Skip to main content
Oxford University Hospitals NHS Foundation Trust
Cellular Pathology

Coronavirus / COVID-19

If you have a new continuous cough and/or high temperaturedo not come to our hospitalsFollow the national advice and stay at home for seven days

Important information about our services and restrictions on visiting our hospitals can be found in the COVID-19 section.

This site is best viewed with a modern browser. You appear to be using an old version of Internet Explorer.

Results

Histopathology and diagnostic cytology

Results are available for viewing electronically within the OUH on Case Notes and EPR.

Hard copies are sent to requesting clinicians/GPs.

Measurement of uncertainty

As a qualitative science it is important that measurements included in reports are understood from a clinical perspective.

Histopathological examination involves assessing and measuring features of a specimen that are evident to the naked eye externally and on cut surfaces, and microscopy of very thin (less than 0.01mm) sections of selected areas.

Whilst the aim is that any measurement taken is a useful guide to the true size of the feature, even when the feature can be measured to a high level of precision the nature of these sampling methods limits the achievable accuracy.

Clinicians need to be aware of the difference between being able to take precise measurements (e.g. to several decimal places) from a feature on a histological section, and the accuracy of that sampled area in representing the largest or smallest part of the whole feature.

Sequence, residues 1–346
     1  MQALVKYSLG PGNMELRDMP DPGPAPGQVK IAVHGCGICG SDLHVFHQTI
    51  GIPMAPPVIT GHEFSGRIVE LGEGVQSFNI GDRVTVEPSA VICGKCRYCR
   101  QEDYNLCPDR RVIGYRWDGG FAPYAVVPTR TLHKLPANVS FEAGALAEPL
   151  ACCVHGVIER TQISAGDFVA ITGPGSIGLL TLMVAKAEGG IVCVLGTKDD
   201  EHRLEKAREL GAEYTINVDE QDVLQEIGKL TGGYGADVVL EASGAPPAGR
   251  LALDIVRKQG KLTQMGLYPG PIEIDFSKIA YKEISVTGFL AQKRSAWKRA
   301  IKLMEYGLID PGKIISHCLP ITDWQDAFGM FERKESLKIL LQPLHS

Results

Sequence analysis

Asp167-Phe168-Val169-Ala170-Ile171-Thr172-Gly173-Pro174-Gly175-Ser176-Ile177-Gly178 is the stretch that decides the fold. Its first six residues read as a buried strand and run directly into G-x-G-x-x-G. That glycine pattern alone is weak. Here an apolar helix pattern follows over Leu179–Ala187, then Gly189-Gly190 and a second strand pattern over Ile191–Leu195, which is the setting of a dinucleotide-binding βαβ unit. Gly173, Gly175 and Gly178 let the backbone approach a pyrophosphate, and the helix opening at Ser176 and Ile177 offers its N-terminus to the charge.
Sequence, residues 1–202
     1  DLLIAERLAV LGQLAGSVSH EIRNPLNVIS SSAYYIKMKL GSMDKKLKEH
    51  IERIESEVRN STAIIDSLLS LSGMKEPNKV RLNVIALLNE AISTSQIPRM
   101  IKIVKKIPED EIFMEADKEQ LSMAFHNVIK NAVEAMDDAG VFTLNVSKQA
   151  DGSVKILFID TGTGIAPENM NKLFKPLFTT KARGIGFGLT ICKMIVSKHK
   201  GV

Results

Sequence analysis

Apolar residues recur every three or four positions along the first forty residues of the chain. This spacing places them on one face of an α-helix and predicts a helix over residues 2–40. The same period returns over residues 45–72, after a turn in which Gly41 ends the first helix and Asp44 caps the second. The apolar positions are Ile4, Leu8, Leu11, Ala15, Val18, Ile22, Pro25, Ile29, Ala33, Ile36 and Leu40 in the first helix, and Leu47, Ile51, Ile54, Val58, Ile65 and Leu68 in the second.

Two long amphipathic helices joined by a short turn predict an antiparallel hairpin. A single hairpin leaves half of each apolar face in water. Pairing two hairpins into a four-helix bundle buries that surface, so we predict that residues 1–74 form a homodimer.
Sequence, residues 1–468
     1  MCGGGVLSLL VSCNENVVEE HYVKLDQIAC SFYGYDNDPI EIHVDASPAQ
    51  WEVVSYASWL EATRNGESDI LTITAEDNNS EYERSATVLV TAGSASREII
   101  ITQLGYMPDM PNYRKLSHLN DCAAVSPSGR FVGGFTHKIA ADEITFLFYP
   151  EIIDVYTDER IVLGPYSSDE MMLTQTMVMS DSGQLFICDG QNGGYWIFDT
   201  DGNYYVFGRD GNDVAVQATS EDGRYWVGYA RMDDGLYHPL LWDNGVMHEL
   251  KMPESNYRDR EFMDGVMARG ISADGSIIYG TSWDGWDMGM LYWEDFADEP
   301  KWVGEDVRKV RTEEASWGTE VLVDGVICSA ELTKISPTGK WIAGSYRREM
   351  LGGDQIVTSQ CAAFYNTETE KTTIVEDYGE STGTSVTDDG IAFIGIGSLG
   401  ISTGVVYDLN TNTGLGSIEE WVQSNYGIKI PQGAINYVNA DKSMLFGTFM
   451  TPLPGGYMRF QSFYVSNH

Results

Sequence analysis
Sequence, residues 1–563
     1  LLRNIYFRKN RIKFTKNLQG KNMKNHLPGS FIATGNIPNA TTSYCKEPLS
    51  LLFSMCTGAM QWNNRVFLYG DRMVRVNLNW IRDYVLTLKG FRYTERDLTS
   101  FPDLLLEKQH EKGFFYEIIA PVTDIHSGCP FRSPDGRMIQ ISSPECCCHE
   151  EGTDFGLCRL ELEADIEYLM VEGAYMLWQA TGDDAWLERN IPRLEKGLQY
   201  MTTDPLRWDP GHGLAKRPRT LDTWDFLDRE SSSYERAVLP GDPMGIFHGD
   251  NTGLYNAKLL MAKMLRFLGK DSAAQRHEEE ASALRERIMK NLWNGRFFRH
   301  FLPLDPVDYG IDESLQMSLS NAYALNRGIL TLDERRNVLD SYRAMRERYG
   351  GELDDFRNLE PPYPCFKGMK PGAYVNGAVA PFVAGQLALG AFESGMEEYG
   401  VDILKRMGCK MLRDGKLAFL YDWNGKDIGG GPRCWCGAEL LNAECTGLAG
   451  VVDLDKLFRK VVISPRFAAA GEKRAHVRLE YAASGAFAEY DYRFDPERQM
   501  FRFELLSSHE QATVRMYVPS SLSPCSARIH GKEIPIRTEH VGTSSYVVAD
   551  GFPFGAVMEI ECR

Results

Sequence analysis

Measurements of histopathological specimens as part of the description of the sample received are considered approximate.

Where measurements are to be used to inform diagnostic, prognostic or treatment plan decisions, variation will be reduced as much as possible and the limitations of the method of measurement shared to make sure these are fully understood.

Please note:

  • Training, methods and procedures are standardised and audited to reduce variables.
  • Standardised tools will be used for clinically critical measurements requiring a high level of precision (traceable to a known measurement standards).
  • Measurements made on the gross specimen are correlated with those seen under the microscope where necessary.
  • Results are discussed in MDT meetings in conjunction with clinical information, radiology results and other laboratory tests.